Recommendation: Great drink! Very session-able. Almost too easy to drink, just a good all round wheat beer. All in all this makes a refreshing, drinkable summer beverage.

Locations: I have only found this particular Schofferhofer at the Belair Fine Wine Cellar up in the hills, but the Duke of York Hotel has the Schofferhofer Hefeweizen which is just as amazing. Worth a try!

Rating: 8/10

Stay tuned for my next review on the Samuel Adams Lager…

Happy drinking!

Sixpoint Apollo

Appearance: Apollo has an amber/golden hued with the cloudy body that is very typical of a wheat beer, sitting on top is a foamy white head that doesn’t have the best retention. There’s nothing outstanding about the appearances, but perhaps I should invest into a weizen glass to properly suit the beer style!

Aroma: I finally understand what people mean when they claim a beer smells like bubblegum! Apollo has a tarty citrus with bananas and some other tropical hints on the nose in combination to a very distinct bubblegum aroma, a first in a beer for me! The aroma is a bit complex and hard to take in at first, but I gave it some time and fell in love.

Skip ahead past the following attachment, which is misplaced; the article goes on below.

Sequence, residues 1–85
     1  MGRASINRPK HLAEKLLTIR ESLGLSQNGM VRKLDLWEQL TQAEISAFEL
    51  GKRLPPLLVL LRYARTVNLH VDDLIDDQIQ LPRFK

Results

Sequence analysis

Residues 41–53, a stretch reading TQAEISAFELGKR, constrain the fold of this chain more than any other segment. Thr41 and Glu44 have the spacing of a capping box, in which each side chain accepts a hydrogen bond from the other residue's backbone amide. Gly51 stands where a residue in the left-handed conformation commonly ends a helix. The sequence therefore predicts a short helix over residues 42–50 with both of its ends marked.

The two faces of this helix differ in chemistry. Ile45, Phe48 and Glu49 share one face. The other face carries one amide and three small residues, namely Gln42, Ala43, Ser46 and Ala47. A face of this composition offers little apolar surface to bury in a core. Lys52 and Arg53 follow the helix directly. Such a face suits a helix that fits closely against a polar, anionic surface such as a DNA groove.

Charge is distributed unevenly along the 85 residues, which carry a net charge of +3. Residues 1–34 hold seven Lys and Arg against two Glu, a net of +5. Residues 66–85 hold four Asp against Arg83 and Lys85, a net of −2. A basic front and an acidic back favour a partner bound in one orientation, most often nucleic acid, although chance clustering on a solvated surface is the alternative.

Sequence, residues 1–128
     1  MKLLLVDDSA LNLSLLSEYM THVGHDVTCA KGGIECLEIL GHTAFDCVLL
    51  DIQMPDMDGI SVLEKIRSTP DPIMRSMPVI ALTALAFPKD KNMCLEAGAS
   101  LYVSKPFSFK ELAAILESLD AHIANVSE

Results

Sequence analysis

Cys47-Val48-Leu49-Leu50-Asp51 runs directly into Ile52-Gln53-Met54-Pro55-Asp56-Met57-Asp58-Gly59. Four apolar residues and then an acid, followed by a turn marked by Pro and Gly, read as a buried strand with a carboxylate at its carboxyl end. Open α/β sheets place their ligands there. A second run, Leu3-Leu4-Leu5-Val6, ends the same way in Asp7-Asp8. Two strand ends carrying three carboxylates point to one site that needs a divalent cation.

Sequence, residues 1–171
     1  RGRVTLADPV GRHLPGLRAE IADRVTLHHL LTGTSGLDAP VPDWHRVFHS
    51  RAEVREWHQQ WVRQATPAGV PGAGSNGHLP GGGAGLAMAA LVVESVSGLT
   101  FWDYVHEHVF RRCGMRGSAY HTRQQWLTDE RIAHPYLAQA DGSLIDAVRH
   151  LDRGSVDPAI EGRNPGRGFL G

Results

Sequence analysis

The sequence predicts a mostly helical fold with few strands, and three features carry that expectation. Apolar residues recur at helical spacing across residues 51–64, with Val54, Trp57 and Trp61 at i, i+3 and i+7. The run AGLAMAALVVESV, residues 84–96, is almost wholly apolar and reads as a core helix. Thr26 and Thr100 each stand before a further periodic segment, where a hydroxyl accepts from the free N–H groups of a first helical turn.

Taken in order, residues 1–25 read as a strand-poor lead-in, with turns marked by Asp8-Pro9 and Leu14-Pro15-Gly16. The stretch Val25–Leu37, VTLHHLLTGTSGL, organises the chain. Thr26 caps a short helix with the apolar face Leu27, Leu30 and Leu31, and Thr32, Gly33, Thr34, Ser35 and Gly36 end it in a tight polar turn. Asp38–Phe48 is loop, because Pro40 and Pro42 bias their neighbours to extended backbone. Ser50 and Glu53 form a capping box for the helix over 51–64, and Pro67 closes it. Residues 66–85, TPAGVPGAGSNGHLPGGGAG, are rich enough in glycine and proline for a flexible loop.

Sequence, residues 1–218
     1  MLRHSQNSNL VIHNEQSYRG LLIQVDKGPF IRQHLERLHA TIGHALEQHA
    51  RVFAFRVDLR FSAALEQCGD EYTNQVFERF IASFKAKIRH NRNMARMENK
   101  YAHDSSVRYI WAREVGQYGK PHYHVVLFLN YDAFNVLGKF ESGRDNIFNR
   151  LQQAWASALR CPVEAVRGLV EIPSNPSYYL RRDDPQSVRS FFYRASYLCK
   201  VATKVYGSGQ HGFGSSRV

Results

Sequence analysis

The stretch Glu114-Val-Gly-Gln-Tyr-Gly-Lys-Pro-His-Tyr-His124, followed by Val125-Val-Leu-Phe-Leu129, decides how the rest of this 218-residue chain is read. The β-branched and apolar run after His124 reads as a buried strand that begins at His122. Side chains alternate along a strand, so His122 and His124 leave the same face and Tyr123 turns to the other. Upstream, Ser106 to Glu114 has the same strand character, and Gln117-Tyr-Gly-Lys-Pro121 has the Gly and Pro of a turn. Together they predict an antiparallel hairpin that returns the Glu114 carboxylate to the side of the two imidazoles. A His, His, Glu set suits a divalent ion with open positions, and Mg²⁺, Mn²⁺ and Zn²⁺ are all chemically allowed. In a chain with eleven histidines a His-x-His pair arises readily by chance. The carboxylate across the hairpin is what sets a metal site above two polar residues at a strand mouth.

Taste: Apollo has a light crisp body that has come to be expected with wheat beers, it’s part of what makes them so refreshing. The tarty citrus from the nose makes up the intro to this beer that yields to a strong banana flavor with mild cloves and a bubblegum finish that dries out the beer and lingers on my tongue for a bit. Again as with the aroma the complexity of this was hard to fully grasp but a few sips later and I’m in love!

Overall: Buy this now. Sixpoint has nailed the style on the head so well that it’s rated as high as Weihenstaphen’s kristallweizen, which is a huge compliment for Sixpoint. This is a refreshing and easy to drink beer that I eagerly look forward to buying again and again.

Sixpoint Apollo


Sixpoint Brewery

Brooklyn, NY

Apollo Kristallweizen

5.2% ABV